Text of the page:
Why Didn’t the Democrats Stop the Nomination?

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If the Democrats had hammered away at the many lies told by Kavanaugh under oath, they may have stopped the nomination. Flake for one, said lying to Congress would be disqualifying. The Democratic leaders could have made that issue their number one talking point. But they didn’t. So the network news, including PBS, hardly touched on it during the days leading up to the vote.

Why didn’t the Democrats concentrate on the lies? One possibility is that the focus on sexual assault, especially after Trump took the bait and started sympathizing so strongly with men, will bring more women to the polls. So the Democrats prolonged the process to make it more difficult, if not impossible, to appoint another nominee later this year -- a nominee who would likely be even more hard line than Kavanaugh -- and did not attack Kavanaugh forcefully enough to prevent his elevation.

That’s the only explanation for their weakness I can figure and I haven’t seen any other analysis of the question.

If that scenario is accurate and it helps the Democrats next month to win an overwhelming majority in the House -- which can restrain and expose Trump and perhaps prompt him to resign -- were those tactics justified?

What price will we pay? What gains did we lose out on?

The Kavanaugh Nomination: A Symptom

The Kavanaugh Nomination: A Symptom

Sexual assault usually involves the exercise of power grounded in a lack of empathy. As an adolescent, Brett Kavanaugh displayed a serious lack of empathy. As a judge, his opinions have done the same. That lack of empathy disqualifies him from serving on the Supreme Court. But Democrats and Republicans have ignored those issues.

Selfish ambition is our society’s primary problem. The pursuit of power by climbing social ladders is the System’s driving force. One result is the abuse of power.

Two days prior to the Kavanaugh hearing, a New York Times editorial recommended to the Senate Judiciary Committee thirteen critical questions to be posed to Kavanaugh. The Democrats could have made certain that they asked those questions.

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Don’t Feed the Trolls

Don’t Feed the Trolls

A recent public controversy about how Facebook bans content and a June 28 column by Thomas B. Edsall, “Don’t Feed the Troll in the Oval Office,” illustrate the importance of how “racism” is defined.

As reported on September 20, Facebook bans content that affirms “white supremacy,” which it considers a “racist ideology based upon the belief that white people are superior in many ways to people of other races and that therefore white people should be dominant over other races."

But Facebook allows “white nationalism” and “white separation.” Trying to take into account how their policies impact people around the world (such as the Zionist movement in Israel and the Basque movement in Spain), they believe white nationalism “doesn't seem to be always associated with racism (at least not explicitly.)” Many white nationalist groups say they’re not racist because they don’t consider other races inferior, but merely seek to ensure the survival of the white race and white culture.

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Comments on “The Precariat: Today's Transformative Class?”

Comments on “The Precariat: Today's Transformative Class?”

The September focus of the Great Transition Network forum is an essay by Guy Standing, “The Precariat: Today's Transformative Class?”  Standing’s essay and the comments on the forum address an important issue: economic insecurity. Unfortunately, with one exception, those comments echo Standing’s economic determinism. They neglect the need for personal, social, and cultural transformation that could proceed prior to and concurrent with economic transformation.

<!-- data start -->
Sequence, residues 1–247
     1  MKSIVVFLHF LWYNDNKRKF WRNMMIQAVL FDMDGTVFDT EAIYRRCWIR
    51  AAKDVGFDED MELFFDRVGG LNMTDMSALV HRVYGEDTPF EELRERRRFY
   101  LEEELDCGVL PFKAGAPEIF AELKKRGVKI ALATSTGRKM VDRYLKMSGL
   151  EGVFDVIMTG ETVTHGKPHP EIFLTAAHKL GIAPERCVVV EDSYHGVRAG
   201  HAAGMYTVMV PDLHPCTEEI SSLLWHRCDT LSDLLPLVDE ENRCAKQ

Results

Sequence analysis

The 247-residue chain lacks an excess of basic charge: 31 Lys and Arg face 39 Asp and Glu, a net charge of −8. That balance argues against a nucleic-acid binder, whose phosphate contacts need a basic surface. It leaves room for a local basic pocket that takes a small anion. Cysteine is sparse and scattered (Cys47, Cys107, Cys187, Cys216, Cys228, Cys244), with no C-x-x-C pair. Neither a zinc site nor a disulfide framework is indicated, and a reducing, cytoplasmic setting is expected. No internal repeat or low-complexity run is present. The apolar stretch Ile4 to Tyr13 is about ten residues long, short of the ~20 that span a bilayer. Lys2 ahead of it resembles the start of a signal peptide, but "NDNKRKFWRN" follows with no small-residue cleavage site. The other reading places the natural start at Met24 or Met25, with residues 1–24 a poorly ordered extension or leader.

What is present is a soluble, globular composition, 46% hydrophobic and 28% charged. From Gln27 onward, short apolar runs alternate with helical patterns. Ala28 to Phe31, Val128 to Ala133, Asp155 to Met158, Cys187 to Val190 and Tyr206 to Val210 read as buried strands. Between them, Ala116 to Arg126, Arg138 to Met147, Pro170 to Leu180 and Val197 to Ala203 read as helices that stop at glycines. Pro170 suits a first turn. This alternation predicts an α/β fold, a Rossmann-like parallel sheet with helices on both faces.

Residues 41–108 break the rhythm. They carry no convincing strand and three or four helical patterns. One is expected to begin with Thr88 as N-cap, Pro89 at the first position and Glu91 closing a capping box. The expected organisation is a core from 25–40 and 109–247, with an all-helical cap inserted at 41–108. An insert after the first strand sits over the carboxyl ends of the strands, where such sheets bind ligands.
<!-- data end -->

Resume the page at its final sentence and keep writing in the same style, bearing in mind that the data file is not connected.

Standing’s proposed solution is to impose taxes on profits from the use of common resources --”natural, social, civil, cultural, and intellectual” -- and use that revenue to guarantee everyone a basic income. He argues that approach “would enhance personal and ‘republican’ freedom..., provide [insecure workers] with basic security, and strengthen social solidarity.”

Economic security is essential. But toward what end?

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Racism: Language Matters

Racism: Language Matters

Racism -- the belief that a particular race is inherently superior -- is thoroughly interwoven into our social system. It’s a prime example of how the System nurtures domination and submission. Undoing racism and transforming America will require multi-dimensional personal change as well as social, cultural, and political change.

That work needs to be careful and compassionate. Some change efforts backfire. Clarity about “race,” racism, and systemic racism can help.

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Self-Improvement

Self-Improvement

Most Americans would like to be less judgmental and more compassionate. They’d like to love their “enemies.” They want to engage with others as equals. They know that trying to relieve suffering can be rewarding. When they think deeply about it, Americans realize:

The individual and the community are interwoven. What affects one individual affects every individual.

What serves the individual serves the community, and what serves the community serves the individual.

The Earth is a spaceship and yes, all humanity is in this together.

There’s no irreconcilable conflict between self-interest and community-interest, though there’s often a tension.

Building an effective compassionate, transformative movement will require activists to liberate those innate instincts. As James Baldwin said, “The things that tormented me most were the very things that connected me with all the people who were alive, or who had ever been alive.”

For various reasons, however, most people are not committed to ongoing self-improvement. Instead, they reflect one or more of the following characteristics…..

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Trump the Symptom